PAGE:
However, as I spent time discovering myself and building bonds with people in the community, I also saw some things that weren’t as pleasant. There were other people who were opening up, but rather than being welcomed, they were attacked for using the wrong autism terminology, for saying they struggle with being autistic or because they were sharing success stories of other autistic people. This wasn’t the community I signed up for. If this was the response I got after opening up, my life would have followed a completely different path. I hope that these people have all found a place where they feel happy and supported.

I get it. Having to deal with people talking about curing autism, harmful practices and other nonsense online constantly can get really frustrating and can leave us short tempered, when we are simply trying our best to support autistic people. But for some people, the online community is all that they’ve got, and they have as much right to be a part of it as you do, just like their views are just as valid as yours.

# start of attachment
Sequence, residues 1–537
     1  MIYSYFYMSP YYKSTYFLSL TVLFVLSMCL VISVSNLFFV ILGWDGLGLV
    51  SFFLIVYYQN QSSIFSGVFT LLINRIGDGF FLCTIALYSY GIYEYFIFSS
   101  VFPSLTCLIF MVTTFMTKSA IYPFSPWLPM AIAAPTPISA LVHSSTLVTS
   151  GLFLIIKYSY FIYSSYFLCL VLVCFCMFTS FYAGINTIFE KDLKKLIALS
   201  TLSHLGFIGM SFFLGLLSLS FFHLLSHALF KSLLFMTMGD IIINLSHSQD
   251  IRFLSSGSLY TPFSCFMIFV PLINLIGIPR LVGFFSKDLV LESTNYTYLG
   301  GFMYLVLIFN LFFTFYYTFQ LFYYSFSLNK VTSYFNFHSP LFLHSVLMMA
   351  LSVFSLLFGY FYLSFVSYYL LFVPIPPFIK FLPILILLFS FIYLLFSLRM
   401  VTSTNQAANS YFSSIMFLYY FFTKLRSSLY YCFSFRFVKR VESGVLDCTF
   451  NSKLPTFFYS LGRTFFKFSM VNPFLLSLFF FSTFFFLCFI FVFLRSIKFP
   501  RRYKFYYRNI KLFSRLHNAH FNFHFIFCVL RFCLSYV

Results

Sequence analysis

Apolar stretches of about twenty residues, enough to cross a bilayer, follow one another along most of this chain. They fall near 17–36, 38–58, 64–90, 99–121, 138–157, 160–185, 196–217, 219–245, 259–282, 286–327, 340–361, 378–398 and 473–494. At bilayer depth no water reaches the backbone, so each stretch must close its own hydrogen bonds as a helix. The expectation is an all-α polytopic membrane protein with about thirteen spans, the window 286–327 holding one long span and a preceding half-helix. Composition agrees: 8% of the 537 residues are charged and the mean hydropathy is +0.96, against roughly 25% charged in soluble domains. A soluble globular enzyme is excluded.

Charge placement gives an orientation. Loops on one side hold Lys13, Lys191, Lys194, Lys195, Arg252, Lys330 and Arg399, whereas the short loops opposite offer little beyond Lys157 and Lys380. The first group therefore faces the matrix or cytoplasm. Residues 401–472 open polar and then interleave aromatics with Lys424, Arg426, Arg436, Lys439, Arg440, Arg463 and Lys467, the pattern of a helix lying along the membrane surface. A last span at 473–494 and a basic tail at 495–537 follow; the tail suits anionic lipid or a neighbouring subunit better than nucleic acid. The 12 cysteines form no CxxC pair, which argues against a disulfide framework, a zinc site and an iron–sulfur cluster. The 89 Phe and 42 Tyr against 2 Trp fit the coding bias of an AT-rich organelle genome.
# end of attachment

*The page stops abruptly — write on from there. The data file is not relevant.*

You might not like posts that are positive about autism. That’s ok. But that doesn’t mean that I can’t celebrate being autistic every once in a while and maybe also spread some positivity for people who need a little something to brighten up their day.

You may not like it when people say they are struggling with being autistic as you believe autism should be celebrated. That’s ok too. But I am still allowed to struggle and search for others who are also struggling that I can empathise with.

It can be frustrating when people use the wrong terminology to refer to autistic people. But this doesn’t mean they deserve to be left feeling ostracised by the only group of people they may relate to. They are on their own learning journey, just as you are still on yours.